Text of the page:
State revenues climb, but local appropriations near even

By Thomas Wilson
star staff

  While tax revenues have grown substantially in the past two years thanks to a 1 percent increase in state sales tax rate, appropriations to city and county governments remain relatively static.
  Local legislators announced state appropriations for state services in Carter County and Elizabethton last week. Big ticket budget appropriations items for Carter County included $31.5 million for education and $32.8 million for health and social services.
  State Rep. Jerome Cochran said last week that he had hoped the appropriations could have included state shared revenues withheld from municipal governments by the states during the past three fiscal years.
  "We could have at least restored half the money back," Cochran said.
  The proposed budget allocates $23.7 million for the Carter County School District and $7.9 million for Elizabethton City Schools through the state's the Basic Education Program, which represents the major portion of state K-12 school funding. The county's share in the BEP was estimated at $22.8 million and Elizabethton's was estimated to be $7.3 million. The city's funding was essentially unchanged for the 2004 fiscal estimates.
  The During the 2003-2004 fiscal year, the department collected $9.1 billion in state taxes and fees. In addition to collecting state taxes, $1.6 billion of local sales tax was collected by the department for local governments during the 2003-2004 fiscal year. Tax revenues in the June 2004 exceeded $968 million - a jump of $109 million from June 2003 and $263 million over June 2002 revenues.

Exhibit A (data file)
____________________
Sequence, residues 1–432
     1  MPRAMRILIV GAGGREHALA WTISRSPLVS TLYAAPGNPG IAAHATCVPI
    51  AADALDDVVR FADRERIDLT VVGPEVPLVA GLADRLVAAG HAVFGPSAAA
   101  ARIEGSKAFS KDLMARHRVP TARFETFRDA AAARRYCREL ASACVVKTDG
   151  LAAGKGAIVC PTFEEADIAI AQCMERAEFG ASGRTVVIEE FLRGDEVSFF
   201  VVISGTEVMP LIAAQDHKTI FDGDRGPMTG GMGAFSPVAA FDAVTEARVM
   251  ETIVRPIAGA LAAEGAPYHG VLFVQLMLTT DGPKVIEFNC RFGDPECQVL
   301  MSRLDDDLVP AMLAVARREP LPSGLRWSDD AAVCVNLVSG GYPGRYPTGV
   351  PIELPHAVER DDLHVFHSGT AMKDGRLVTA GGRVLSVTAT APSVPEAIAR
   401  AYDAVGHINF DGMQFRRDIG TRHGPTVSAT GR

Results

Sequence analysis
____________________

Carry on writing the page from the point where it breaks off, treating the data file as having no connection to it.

The city of Elizabethton lost $115,000 in general fund revenues resulting from state-shared revenues being withheld. Revenues to the city of Elizabethton were essentially unchanged from the 2004 fiscal year. An amendment to the budget legislation returning the shared revenues to cities and counties was narrowly defeated in the Senate.
  Cochran said that while the governor had replenished the state's "rainy day" fund with roughly $200 million, the financial rain was already falling on municipal governments around the state.
  "That doesn't help the people now in Carter County or other people in the counties of East Tennessee," Cochran said. "I hope he will return that money back to the cities and counties where it belongs."
  The governor submitted his TennCare reform plan on Friday to the federal Centers for Medicare and Medicaid Services for approval. Bredesen's plan calls for new benefit limits and cost-sharing for 270,000 enrollees, with a goal of saving $1 billion a year in spending growth by 2008. TennCare provides health care for 1.3 million poor, disabled and uninsured Tennesseans, about a fourth of the state's residents.